In fact, “onni” and “hyun” are strictly used in Korean only to address members of the same sex. The term “nuna” is used to address a male to a female, and “oppa” is used to address a female to a male. Therefore, when male fans refer to a member of a girl group, they are sometimes called “nuna,” but it is not so strict when used between fans.


The youngest member of a group. Manneh means “youngest child” in Korean, and the youngest member is loved both in Japan and Korea. Fans call them “manneh” in a friendly way.


In Korean, YOJA means “woman/girl” and NAMJA means “man/boy. Namja” means “man” or “boy” in Korean, and is used to refer to someone as “that girl. In addition, adding the word “group”, female groups are called “Yoja Guru” and male groups are called “Namja Guru”.


Chemistry means “the chemistry between two people. It is derived from “Chemitsy (chemical reaction),” and has come to mean the good relationship between two members of a particular group. It is also used simply to refer to a “duo or combination. It is used to refer to members of a group who get along well with each other, as in “00 and XX’s chemi is the best” or “chemi is precious”.

Shiraiwa pen” is not stationery! Intermediate to advanced terminology still to come!

Pen / Penmi

Pen means fan. It is used as in “00 no pen,” and “fan” and “otaku,” which are commonly used in Japan, are rarely used. Penmi” refers to “fan meetings,” and “pen” is sometimes used in conjunction with a member’s name. The term “Shiraiwa pen” means “a fan of JO1 Rui Shiraiwa,” not a pen as in writing utensil.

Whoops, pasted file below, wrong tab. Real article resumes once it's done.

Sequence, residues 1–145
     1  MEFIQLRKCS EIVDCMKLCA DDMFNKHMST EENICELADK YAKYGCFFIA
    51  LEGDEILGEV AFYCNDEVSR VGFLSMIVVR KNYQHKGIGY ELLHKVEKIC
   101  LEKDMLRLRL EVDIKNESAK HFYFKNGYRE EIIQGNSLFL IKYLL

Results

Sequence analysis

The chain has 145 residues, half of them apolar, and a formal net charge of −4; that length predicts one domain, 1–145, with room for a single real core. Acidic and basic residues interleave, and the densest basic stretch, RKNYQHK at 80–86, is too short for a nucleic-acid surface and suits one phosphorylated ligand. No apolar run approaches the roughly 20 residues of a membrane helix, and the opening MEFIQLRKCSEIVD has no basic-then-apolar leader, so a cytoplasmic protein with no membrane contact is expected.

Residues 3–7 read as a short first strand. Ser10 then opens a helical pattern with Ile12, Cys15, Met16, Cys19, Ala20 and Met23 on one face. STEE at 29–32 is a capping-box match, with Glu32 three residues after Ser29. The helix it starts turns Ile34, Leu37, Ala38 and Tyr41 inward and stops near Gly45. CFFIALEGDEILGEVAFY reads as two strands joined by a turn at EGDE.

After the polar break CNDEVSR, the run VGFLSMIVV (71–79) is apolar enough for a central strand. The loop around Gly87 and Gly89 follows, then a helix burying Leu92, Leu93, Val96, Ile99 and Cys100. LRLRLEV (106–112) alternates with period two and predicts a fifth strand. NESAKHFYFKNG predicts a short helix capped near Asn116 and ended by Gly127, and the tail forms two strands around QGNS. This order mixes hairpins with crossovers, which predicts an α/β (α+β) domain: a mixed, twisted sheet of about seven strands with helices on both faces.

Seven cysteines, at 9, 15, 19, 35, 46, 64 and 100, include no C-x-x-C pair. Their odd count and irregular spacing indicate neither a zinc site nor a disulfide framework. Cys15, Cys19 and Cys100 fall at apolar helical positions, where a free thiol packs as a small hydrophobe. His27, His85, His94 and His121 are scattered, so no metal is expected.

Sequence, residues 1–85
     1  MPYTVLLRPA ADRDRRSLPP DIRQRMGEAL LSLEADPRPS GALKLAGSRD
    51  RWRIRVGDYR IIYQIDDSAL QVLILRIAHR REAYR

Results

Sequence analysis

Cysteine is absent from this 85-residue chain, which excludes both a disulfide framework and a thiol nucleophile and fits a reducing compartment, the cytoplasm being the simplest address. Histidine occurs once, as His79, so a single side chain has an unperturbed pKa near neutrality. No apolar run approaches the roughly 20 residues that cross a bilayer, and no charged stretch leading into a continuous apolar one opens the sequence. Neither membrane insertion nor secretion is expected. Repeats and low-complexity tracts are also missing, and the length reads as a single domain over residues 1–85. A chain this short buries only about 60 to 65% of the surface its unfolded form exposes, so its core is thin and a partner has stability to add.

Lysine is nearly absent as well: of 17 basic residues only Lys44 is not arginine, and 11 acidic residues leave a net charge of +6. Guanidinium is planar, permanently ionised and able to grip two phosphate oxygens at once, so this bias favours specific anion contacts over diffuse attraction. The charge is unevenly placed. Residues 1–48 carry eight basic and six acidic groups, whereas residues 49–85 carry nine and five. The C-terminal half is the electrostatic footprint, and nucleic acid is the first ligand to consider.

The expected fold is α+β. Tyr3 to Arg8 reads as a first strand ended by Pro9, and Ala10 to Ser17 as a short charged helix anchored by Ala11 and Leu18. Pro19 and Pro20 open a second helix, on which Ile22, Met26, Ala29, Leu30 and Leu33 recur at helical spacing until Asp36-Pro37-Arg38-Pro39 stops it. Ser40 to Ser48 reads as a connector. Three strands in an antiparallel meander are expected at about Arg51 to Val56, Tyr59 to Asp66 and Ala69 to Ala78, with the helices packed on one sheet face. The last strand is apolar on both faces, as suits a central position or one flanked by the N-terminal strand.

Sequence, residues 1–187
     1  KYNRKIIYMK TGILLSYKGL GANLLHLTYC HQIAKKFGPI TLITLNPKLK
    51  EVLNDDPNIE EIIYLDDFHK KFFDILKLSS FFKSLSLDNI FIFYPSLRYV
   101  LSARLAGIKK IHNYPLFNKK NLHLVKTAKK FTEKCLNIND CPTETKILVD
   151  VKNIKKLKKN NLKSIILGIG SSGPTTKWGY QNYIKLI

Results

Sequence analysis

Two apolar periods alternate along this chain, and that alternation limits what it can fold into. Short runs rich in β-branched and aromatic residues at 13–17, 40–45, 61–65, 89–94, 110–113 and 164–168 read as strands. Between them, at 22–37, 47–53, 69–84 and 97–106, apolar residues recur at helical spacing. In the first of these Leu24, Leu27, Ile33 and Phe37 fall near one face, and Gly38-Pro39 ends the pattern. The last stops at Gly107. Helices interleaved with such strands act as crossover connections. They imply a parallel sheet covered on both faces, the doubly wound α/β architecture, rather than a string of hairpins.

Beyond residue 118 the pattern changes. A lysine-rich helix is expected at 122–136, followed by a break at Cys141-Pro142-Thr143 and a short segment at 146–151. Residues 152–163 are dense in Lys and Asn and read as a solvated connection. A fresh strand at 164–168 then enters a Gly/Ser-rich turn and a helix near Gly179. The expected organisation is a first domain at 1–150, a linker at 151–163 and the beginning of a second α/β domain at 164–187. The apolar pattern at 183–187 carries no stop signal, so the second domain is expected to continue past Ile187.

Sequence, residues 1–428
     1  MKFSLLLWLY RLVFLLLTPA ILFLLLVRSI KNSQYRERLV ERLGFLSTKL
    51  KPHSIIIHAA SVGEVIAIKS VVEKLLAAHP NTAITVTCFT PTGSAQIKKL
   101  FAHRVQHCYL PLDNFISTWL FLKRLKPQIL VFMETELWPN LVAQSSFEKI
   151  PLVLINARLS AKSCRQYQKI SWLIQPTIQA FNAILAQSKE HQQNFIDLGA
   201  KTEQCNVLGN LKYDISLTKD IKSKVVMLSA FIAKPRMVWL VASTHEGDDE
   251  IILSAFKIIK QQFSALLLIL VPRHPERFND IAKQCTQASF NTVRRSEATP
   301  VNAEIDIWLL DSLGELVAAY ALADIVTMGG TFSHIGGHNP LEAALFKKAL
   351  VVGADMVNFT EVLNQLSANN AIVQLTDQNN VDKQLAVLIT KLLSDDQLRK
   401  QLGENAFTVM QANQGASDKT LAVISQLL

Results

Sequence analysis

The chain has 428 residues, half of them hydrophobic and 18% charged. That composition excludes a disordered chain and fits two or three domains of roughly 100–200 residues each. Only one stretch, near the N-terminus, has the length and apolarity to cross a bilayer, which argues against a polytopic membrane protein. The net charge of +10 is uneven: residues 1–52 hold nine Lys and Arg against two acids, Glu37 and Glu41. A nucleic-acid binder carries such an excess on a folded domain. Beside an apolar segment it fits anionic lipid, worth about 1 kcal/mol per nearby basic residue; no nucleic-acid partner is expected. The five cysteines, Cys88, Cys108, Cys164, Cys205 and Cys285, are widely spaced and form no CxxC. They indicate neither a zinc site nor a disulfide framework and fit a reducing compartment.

Similar to “pen,” but derived from the English word “fandom,” meaning “a group of fans. While pen refers to an individual fan, fandom refers to the group’s fans as a whole. K-pop groups have a custom of giving each fandom a unique nickname, such as “JAM” for JO1, “MINI” for INI, and “FEARNOT (Piona)” for LE SSERAFIM.

. chickem.

A video in which a close-up of a particular member is taken. In Japanese, it is called “guess camera. It is also a popular content among fans as it allows them to closely observe the performance and facial expressions of the members.


This term means “video call,” and is used to refer to online meet-and-greet events where you can talk with the members.

00 line

The term “01line” is used to refer to the year of birth. It is also used as a self-description of a fan, as in “I am 01line.


It means “birthday” in Korean, and is celebrated by fans and group members in the same way as in Japan.

In this way, the “fandom” of K-pop is a unique mix of Korean and English words.

If you know the words, a seemingly unintelligible sentence such as “I’m going to a penmi with my friend who is a Chae-won pen of Piona, line 01,” can be understood as “I’m going to a fan meeting with my friend who is a fan of Kim Chae-won of LE SSERAFIM and who was born in ’01. This may be a good opportunity for “cross-cultural exchange” to learn about K-pop and, by extension, Korean and youth culture.

  • Literature Anri Katsura Photo by Anri Katsura Kyodo News

Photo Gallery1 total

Photo Selection

Check out the best photos for you.

Related Articles